Start listing UW-Madison graduate Allee Willis’ show business credits – hit songwriter, renowned artist, acclaimed Broadway tunesmith, multimedia pioneer and kitsch singer – and she responds about her behind-the-scenes, unknown status with a big laugh.
“I’m the best-kept secret,” she bursts out.
That’s not far from the truth.
“I know,” she says, smiling. “I know.”
Willis, 58, fits many descriptions – gregarious, funny, outrageously creative and more – but bravado ranks low. The guests at her New Year’s Day party this year in Los Angeles, for instance, included Joni Mitchell, “Simpsons” creator Matt Groening and Cybill Shepherd, as well as many attendees from other occupations, but you need to pry details about these celebs from her.
Willis, in Madison on Wednesday to talk to UW-Madison students, name-drops professional and personal moments with Bob Dylan, James Brown and Lily Tomlin, but again, her stories need nudging.
She’s proud of her own work, too. It earned her a Grammy Award – and nominations for Tony and Emmy awards. There’s also 2007’s honorary Webby Award for Internet artistry. Her most popular credits, however, are for her songwriting, which includes co-writing the Broadway hit musical “The Color Purple,” the theme to TV’s “Friends,” Earth, Wind and Fire’s “September” and “Boogie Wonderland,” Pet Shop Boys’ “What Have I Done to Deserve This?” and the Pointer Sisters’ “Neutron Dance.”
“Beverly Hills Cop” used that tune in the opening scene to one of film’s all-time blockbusters. But in 1985, Willis knew little about the movie’s potential.
“I thought, ‘What a dumb title. Who’s going to see this movie?’ ” she said. “After the premiere, I knew it would be huge.”
A Detroit native, Willis graduated from UW-Madison in journalism with an emphasis on advertising. In the early 1970s, she worked at a New York record label and recorded a solo album that found few listeners – although one fan was Bonnie Raitt.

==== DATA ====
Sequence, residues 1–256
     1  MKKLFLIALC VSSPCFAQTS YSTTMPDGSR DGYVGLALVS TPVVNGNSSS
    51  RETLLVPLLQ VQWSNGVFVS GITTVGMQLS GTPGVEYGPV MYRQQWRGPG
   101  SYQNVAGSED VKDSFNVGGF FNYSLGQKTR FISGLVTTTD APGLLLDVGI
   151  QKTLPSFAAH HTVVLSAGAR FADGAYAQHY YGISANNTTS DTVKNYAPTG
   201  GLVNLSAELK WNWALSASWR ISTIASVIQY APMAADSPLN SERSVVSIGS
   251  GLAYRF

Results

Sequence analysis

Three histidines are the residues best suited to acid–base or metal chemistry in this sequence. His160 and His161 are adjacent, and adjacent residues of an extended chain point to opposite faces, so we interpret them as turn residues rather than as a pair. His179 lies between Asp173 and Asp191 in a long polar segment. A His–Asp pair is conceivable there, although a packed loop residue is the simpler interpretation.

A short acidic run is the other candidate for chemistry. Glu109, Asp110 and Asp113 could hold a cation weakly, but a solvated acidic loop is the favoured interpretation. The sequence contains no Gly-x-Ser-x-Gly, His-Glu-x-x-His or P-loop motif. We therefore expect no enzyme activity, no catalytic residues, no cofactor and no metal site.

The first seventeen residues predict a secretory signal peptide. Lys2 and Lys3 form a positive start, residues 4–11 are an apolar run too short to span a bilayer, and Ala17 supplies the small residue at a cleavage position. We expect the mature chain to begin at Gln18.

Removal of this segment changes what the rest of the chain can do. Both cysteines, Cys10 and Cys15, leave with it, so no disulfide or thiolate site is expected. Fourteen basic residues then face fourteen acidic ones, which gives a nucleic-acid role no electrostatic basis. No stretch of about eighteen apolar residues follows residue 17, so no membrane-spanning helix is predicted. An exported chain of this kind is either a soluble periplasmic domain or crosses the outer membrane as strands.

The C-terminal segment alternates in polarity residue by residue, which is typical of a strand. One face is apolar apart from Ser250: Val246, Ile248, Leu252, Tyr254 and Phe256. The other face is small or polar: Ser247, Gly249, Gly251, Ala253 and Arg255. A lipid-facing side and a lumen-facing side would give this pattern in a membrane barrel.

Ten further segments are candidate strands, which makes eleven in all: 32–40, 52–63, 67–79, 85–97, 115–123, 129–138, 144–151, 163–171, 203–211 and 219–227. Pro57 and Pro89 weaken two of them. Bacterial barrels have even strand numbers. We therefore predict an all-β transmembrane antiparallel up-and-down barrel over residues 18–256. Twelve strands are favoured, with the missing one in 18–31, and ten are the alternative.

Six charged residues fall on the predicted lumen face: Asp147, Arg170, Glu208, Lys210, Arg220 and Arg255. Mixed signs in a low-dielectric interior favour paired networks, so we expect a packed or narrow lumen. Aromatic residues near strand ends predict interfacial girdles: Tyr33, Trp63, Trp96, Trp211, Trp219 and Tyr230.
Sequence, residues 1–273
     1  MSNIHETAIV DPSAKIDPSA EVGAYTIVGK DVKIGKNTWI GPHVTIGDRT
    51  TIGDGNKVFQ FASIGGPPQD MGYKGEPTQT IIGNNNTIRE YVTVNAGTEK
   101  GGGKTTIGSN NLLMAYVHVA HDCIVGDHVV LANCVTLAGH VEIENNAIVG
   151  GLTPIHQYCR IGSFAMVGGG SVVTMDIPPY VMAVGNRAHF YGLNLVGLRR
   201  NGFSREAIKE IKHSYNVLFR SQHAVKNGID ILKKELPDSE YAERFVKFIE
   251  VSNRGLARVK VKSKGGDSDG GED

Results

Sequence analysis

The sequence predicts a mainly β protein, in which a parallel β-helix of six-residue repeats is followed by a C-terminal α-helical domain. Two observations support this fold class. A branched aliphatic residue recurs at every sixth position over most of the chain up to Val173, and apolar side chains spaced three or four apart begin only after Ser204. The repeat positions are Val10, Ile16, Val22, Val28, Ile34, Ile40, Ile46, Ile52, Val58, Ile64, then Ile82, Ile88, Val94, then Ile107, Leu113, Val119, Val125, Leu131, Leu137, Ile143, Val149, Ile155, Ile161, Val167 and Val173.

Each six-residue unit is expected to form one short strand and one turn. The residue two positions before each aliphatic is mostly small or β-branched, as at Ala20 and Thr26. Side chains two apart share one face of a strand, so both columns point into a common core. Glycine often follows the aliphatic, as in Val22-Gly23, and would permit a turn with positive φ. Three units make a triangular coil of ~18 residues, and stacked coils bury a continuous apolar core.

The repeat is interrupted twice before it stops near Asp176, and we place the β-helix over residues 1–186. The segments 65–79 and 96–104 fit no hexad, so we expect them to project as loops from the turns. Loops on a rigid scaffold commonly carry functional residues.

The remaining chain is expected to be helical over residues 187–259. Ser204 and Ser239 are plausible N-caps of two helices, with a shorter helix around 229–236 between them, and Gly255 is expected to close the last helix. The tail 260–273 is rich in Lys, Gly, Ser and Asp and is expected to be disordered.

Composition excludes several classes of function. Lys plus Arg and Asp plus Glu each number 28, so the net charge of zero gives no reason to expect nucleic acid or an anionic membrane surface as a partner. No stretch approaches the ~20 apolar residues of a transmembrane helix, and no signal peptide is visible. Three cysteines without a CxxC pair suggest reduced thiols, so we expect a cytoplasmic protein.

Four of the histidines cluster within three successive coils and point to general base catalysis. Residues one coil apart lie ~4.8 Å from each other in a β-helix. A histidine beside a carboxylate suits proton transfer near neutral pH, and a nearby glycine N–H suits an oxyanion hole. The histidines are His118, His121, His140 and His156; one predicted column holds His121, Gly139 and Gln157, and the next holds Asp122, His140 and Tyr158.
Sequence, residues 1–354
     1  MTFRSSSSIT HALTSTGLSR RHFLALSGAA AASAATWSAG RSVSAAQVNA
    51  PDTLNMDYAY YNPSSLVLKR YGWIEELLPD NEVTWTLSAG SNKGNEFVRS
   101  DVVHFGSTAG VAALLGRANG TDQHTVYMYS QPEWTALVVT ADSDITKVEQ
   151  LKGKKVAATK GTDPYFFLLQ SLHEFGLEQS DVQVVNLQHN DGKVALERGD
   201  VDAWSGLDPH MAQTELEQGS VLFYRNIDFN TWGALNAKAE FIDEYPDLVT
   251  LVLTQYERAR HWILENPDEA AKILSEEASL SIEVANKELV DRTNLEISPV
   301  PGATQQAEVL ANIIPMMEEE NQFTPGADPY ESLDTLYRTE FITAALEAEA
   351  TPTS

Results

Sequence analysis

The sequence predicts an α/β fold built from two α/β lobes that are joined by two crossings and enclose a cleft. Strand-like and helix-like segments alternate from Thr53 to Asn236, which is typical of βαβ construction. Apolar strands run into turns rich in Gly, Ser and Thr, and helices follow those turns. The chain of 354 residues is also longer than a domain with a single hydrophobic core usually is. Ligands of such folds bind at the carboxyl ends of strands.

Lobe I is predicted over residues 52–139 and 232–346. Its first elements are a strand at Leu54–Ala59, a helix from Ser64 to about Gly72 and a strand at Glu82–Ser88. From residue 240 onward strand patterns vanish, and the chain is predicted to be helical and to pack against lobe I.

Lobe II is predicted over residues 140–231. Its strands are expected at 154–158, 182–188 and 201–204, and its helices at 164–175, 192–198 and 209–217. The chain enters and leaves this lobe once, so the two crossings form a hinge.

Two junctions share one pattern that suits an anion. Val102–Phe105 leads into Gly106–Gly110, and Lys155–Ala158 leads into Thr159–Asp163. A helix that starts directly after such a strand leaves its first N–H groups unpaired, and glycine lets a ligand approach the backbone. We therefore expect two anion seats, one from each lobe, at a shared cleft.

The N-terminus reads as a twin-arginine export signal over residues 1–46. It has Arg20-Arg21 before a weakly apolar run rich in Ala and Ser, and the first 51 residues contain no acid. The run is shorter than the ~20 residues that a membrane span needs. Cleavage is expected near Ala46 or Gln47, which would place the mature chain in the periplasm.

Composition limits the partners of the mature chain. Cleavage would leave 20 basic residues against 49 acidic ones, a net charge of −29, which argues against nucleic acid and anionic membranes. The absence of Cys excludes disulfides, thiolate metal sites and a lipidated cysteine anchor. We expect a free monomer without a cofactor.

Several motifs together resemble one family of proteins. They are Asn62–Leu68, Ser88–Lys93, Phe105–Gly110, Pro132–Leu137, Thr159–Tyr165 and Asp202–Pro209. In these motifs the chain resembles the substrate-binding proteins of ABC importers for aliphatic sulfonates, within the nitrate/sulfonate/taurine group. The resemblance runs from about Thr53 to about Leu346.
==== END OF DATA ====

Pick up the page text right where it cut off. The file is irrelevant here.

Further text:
Willis turned to songwriting, but she didn’t have her first hit song until 1978 when she “was as close to being on welfare as you could get,” she said. She wrote hundreds more tunes, then turned to pop art after painting a bathroom pink and, using a large canvas with the same color and vintage doorknobs and clipped art from Ebony magazine, created her first piece.
Throughout the 1990s, she concentrated largely on Internet art during online’s infancy. She was ahead of her time designing a visual social network. By 2000, her attentions turned back to songwriting (thanks to “Color Purple”) and she developed an alter ego named Bubbles to reinvent her performing and art careers.
“I can’t stand not being creative,” Willis said. “I will take any chance in the world if I get an idea.”
She lives in a lavish Los Angeles home that was used by major film studios in the 1930s as a party house. Still, she’s apt to pour most of her money into new projects. “I’d rather be terrified than miserable,” she said.
No matter what she does, most people recognize the song “I’ll Be There For You” from “Friends.” She has mixed feelings about that.
“I’ve had so many people come up to me and do that hideous clap in the first line,” Willis says. “The producers wanted a very Monkees-sounding song, which it is.” The show debuted three weeks after she wrote it. “I’m totally grateful. That show exploded. I went along for the ride.”
Willis urges others to pursue artistic expression.
“I don’t care if it’s putting a plastic penguin on your front lawn in a grass skirt,” she said. “If you can express yourself as an individual through some creative means that’s an incredible step toward self-esteem.”
Willis also treasures her years at UW-Madison. Her mother died before Willis left for college. The university helped her through the tragedy.
“It was the first time I was thrown into something without a net. This was salvation for me,” she says and adds with a laugh: “And the color of the school is red. That is a happy color.”